My short story Light Save Us will be coming out through Angelic Knight Press as part of the anthology Fading Light – An Anthology of the Monstrous, edited by Tim Marquitz of Demon Squad fame. This is a horror anthology, a very dark horror anthology, and Tim managed to secure some really big names. The biggest of which is Mark Lawrence, that guy whose book caused an internet meltdown because of “all the rape” (follow the link and decide for yourself). I am absolutely stoked that my story will be leading into his, and I hope all those people who pick up the anthology for a Lawrence short story enjoy all the other amazing stories in there.

I’ll keep you posted on the release details, but until then expect me to start acting like a rock star. You guys have been beautiful, peace out.

Vale Mike McKay

Today I learned that one of my online friends Mike McKay passed away over the weekend. I never met Mike in the twelve months we chatted online, but I can certainly attribute a lot my current enthusiasm for writing to his incessant nagging emails asking for more chapters. Michael just wanted me, and the entire Defence Writing community for that matter, to just keep writing. He was a wonderfully positive and optimistic sci-fi and fantasy geek, and I will miss him greatly.

This year he traded in his smoke breaks for writing breaks, and would often entertain us with 150 word bursts of raw unedited stories, and then berate us for not doing the same. Here is an example of one of his “Afternoon 150’s”:

The Captain hadn’t agreed that it was a life form.  The doctor was angry.

 “It’s Carbon Chauvinism.”

 “Huh?”  Cam looked at the Doc.

“Nicolas Chauvin.”  The lights in Cam’s eyes went out.  The Doc frowned.  “Nicolas Chauvin?”

“He fought alongside Napoleon.  He was a French patriot”.  Doc sighed.  “He dismissed all things that weren’t French; said they were wasteful nonsense.  He couldn’t see the big picture. His name is synonymous with a loathing of foreign things.  Come on.” 

“I mean…why does it have to be carbon-based?” 

 He pointed.  “There’s no reason!  This is just Carbon Chauvinism.”

They were standing over a thing.  An ugly thing.  A dormant thing. It wasn’t composed of carbon.  It was a thing of silicon.  It was made of a tetravalent metalloid, not unlike carbon…but unlike any life on Earth.


“Well what?”, the Doc responded.

 “How do we tell?  Is it alive?  Is it dead?”

To honour my friend, I decided to write my own “Afternoon 150”. This is for you Mike, for pushing me to keep on writing and writing and writing when I should have been working. RIP buddy, may you have plenty of Stargate episodes to watch in sci-fi heaven.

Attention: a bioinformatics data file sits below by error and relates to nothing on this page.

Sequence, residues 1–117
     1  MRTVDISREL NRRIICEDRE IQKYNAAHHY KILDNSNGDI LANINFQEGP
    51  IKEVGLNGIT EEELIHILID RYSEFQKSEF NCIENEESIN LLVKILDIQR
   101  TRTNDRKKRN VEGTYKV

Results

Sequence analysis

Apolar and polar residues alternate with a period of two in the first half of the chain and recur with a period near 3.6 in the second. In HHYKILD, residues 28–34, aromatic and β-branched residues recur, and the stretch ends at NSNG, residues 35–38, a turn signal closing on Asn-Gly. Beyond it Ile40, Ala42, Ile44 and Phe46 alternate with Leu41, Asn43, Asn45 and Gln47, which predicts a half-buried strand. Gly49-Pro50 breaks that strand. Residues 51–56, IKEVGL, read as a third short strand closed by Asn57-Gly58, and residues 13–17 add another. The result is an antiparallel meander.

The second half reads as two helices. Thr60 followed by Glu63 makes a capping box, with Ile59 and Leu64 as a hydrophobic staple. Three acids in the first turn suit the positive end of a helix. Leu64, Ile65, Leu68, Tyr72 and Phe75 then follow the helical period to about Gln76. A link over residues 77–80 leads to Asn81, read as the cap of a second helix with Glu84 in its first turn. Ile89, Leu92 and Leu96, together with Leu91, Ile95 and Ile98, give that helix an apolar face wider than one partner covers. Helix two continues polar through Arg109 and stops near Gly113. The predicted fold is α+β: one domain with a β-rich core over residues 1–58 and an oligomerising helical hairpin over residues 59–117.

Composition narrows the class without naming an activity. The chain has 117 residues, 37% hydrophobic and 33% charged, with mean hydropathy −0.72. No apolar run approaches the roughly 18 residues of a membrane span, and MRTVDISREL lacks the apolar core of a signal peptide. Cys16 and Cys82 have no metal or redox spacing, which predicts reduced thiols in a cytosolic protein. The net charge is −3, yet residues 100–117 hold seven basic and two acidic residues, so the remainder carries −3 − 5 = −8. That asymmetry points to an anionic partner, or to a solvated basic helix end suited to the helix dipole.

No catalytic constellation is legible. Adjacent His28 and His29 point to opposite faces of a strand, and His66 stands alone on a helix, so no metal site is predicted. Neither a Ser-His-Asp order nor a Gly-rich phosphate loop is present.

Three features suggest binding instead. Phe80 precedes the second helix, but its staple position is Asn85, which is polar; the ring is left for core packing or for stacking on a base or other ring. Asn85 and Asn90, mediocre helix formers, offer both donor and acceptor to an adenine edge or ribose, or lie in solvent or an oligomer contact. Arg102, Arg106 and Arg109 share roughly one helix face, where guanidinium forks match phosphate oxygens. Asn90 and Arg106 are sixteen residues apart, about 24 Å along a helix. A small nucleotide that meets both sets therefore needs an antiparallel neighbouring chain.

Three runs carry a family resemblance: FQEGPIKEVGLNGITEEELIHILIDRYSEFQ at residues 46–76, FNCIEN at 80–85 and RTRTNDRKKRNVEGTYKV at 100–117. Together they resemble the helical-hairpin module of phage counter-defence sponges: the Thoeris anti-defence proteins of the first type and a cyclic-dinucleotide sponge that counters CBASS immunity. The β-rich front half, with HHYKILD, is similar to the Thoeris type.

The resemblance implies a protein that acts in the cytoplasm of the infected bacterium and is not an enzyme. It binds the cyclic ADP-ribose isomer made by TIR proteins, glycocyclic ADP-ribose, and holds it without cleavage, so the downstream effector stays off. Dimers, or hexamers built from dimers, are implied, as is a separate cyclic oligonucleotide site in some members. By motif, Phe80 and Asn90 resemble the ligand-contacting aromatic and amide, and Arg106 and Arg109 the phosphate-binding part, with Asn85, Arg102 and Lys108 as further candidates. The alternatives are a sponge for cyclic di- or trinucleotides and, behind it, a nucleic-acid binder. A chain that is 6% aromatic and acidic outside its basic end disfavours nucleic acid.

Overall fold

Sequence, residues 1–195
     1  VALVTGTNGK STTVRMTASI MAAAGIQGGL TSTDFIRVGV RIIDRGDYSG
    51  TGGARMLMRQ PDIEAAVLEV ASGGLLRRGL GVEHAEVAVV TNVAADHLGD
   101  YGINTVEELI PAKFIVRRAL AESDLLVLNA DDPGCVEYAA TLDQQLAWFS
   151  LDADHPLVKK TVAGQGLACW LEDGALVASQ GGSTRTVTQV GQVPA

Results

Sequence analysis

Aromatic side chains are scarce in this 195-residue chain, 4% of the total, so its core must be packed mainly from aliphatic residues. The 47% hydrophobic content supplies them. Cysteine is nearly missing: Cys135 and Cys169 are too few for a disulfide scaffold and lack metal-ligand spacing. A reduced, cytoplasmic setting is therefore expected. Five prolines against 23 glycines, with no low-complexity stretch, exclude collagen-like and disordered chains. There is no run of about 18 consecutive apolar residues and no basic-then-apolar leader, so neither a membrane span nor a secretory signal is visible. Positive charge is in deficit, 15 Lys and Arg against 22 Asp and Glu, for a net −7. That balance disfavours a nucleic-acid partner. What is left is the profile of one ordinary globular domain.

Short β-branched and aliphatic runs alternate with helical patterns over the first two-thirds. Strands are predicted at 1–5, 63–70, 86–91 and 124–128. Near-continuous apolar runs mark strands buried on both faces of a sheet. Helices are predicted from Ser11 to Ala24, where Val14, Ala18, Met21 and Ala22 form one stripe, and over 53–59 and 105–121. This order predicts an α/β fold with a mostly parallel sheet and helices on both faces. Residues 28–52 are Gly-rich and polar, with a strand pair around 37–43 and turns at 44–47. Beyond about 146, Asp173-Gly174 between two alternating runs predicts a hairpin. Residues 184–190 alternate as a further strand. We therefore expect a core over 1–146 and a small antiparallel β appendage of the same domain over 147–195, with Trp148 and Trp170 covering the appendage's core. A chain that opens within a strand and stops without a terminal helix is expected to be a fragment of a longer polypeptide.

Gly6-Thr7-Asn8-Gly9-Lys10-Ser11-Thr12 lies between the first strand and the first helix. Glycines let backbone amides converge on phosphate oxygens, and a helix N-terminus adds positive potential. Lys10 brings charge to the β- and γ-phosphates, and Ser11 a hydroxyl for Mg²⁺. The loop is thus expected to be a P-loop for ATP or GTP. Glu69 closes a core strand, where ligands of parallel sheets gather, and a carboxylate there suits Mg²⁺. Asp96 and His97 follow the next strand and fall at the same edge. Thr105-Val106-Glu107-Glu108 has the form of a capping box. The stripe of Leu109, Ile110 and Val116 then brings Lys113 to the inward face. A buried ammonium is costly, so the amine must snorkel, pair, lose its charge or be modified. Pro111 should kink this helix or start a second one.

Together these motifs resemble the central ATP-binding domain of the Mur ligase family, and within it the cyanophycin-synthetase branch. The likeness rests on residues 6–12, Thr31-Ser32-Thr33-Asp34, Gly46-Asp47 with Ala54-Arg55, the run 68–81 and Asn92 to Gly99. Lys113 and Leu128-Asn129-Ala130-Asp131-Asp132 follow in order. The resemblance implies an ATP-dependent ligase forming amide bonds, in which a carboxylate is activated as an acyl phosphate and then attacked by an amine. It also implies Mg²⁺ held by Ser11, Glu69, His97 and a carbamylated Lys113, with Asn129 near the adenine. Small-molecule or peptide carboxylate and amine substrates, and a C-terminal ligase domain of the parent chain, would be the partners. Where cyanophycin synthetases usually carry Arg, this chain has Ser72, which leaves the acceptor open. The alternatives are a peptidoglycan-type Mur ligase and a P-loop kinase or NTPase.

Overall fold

I cheered with the utmost delight as I flew through the air, my hands grasping at the invisible reins while my feet pushed against invisible stirrups. I rode the wind with an easy confidence, soaring over mountain tops at exhilarating speeds before plunging down the other side like a bird of prey. I flew just inches from the ground, bending blades of grass and stripping seeds from dandelions as I displaced the air around me. It was incredible.

I closed my eyes, stood in the stirrups, and pulled back on the reins, my knees gripping against the buffeting air as I climbed and climbed. I opened my eyes and beheld the most beautiful of sights, the curvature of the Earth spread out before me as if I belonged in one of those sci-fi stories. With a smile on my face and joy in my heart, I let go.

Writing Awesome Stories – Five Sources Of Advice For Aspiring Writers

I’m still very new to the whole “writing fiction” business. It’s something I have always wanted to do ever since I was a young voracious reader who thought he could come up with better ideas than some of the ones he read. Just learning the process of writing fiction has been a massive eye opener for me, and the thought of writing a novel looks far more daunting when the target is more than 70,000 words away. Why 70,000 words… well that just seems like a good size.

Not bad for $10.00 per hour

So having not taken any official courses on creative writing, the knowledge base I have built up has been based on collections of writing advice provided by many of my favourite authors around the entire globe. It’s not formal, it might not be the best, but I figure that if I want to write a novel and get it published then I should probably be listening to the people who make a living writing novels and getting them published. Below is a list of my five favourite sources of advice on writing. If you are an aspiring author then you should definitely check them out and see if you can apply their advice to your own writing.